Thursday, August 20, 2015

Zucchini Bread

We always plant too many zucchinis. I ask the chief gardener for a two-plant limit. This year I think we had eight. Who eats that much zucchini?

The truth is, I'm not really a summer squash fan despite sauteing, grilling, and including in all kinds of casseroles. So what to do with all that veg? Bake with it!

This zucchini bread recipe is not your ordinary quick bread. It's sweet, very moist and studded with nuts.  In fact, it leans a bit towards a carrot cake. Which in my book, is awesome! I like using the oversized squash. As it gets bigger, the zucchini gets starchier which helps give the bread structure. And I like being able to use those big, funky squash.

In addition to great flavor, the bread freezes beautifully. Which makes this my preferred method for preserving zucchini. And it makes a big batch, in whatever size loaf pan you have. I use a combination of small and medium loaf pans. It makes four small and one medium loaf.

I prefer to peel the zucchini before using. The course peel can interfere with the crumb, lending a toughness to the bread. I've tried changing up the recipe with whole grain flour, but it turns out best with white, all purpose flour. Feel free to use your favorite nuts, or omit if you prefer. I like walnuts or pecans.

Thoroughly grease and flour loaf pans.

Prep zucchini: peel, quarter and remove seeds and pith.

Shred zucchini.

Make batter, stirring just until combined. Don't overmix.

Divide batter evenly between loaf pans.

Bake for 45 minutes to one hour, depending on the size of the pan.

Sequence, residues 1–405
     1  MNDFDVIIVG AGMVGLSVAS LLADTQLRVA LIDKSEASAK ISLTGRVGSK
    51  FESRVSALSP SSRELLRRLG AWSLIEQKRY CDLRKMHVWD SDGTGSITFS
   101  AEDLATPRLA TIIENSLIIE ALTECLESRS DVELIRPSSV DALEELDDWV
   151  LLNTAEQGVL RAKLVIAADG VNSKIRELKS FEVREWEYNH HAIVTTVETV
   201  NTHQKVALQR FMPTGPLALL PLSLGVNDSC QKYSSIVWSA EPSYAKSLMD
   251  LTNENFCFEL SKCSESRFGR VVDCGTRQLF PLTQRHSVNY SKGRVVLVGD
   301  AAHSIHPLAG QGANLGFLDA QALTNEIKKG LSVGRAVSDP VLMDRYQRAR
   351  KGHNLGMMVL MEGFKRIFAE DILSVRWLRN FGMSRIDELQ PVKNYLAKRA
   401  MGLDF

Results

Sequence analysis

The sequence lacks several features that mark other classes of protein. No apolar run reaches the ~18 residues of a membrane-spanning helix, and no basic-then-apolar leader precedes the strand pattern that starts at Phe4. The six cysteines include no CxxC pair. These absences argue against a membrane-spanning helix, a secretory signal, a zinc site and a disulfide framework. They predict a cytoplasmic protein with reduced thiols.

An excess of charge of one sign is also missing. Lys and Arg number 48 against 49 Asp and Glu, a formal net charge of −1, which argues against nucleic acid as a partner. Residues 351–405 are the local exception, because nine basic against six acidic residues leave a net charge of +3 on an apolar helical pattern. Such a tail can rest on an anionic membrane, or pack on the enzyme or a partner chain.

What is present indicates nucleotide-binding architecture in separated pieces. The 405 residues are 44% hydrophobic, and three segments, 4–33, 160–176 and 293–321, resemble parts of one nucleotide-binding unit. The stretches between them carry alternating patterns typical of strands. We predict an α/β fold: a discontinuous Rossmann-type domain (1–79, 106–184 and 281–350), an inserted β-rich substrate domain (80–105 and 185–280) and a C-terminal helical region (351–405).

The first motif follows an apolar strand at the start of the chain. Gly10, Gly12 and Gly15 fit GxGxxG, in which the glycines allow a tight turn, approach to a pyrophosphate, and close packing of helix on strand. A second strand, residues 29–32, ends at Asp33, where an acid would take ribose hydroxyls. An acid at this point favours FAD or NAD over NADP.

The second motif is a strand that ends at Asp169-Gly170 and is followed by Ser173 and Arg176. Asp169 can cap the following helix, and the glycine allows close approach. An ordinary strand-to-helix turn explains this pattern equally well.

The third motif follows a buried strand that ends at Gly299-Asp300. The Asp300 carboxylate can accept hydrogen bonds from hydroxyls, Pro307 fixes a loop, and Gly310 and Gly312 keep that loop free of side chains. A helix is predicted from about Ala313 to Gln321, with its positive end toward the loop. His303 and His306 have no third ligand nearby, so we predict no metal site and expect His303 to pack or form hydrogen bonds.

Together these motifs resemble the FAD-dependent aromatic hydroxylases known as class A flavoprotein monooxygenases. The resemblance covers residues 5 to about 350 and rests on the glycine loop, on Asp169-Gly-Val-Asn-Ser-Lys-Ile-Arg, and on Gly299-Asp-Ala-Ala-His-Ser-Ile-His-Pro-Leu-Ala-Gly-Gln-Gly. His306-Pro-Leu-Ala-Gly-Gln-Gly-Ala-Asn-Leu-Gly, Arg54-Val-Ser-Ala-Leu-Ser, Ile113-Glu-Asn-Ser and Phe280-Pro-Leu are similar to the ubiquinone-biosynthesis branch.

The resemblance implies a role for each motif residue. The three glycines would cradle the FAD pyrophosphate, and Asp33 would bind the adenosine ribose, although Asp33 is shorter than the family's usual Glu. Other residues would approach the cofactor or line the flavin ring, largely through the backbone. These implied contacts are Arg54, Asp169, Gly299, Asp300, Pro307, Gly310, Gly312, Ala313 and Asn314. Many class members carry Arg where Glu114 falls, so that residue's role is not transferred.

Cool loaves 10 minutes and turn out of pans. I freeze most of this bread to
enjoy throughout the year.  I wrap in a layer each of wax paper and foil.

Once the bread is wrapped, I place the loaves in a zip-lock freezer
bag, then place in the freezer for a chilly nap.

Zucchini Bread
3 cups peeled, shredded zucchini, pithy seedy center removed
3 cups sugar
1 1/2 cups oil
4 eggs
3 cups flour
2 tsp baking soda
1 1/2 tsp cinnamon
1/2 tsp salt
1 cup nuts of your choice

In a large mixing bowl, combine zucchini, sugar, oil and eggs. Mix well. In another bowl, whisk together flour, soda, cinnamon and salt. Add flour mixture to zucchini. Mix just until combined. Stir in nuts.  Grease and flour loaf pans. Bake at 350 degrees for 45 min to 1 hour, depending on the size of the loaf pans. Cool 10 minutes in pan. Loosen by running a spatula around sides of pan. Wrap and freeze if desired.

Wednesday, August 12, 2015

Caraflex Cabbage Coleslaw

We started growing var. Caraflex cabbage a few years ago when we wanted a smaller variety with heads we could eat in one sitting. The plants fit into the smaller kitchen garden and has a unique "arrowhead" growing shape. Bonus: they do well starting from seed.

Caraflex is not suitable for fermenting but is perfect for slaw, stir fry, roasting, grilling and cabbage cups. When making sauerkraut, we prefer the large Flat Dutch variety. I've included one of my favorite vinegar slaw recipes below. It comes together fast and can hang out in the fridge for a couple days. It doesn't contain mayo, which makes it perfect for buffets or toting to summer gatherings.

In addition to being tasty, this cabbage has an
interesting, pyramid shape. Looks cool in the garden!

The core is longer than traditional cabbages. When making slaw, I prefer
 to chop into shreds with a sharp knife, rather than shred in the food processor.

Remove the core and shred. We also added a
couple of carrots from the garden.

The vinaigrette dressing comes together fast with ingredients you probably have in the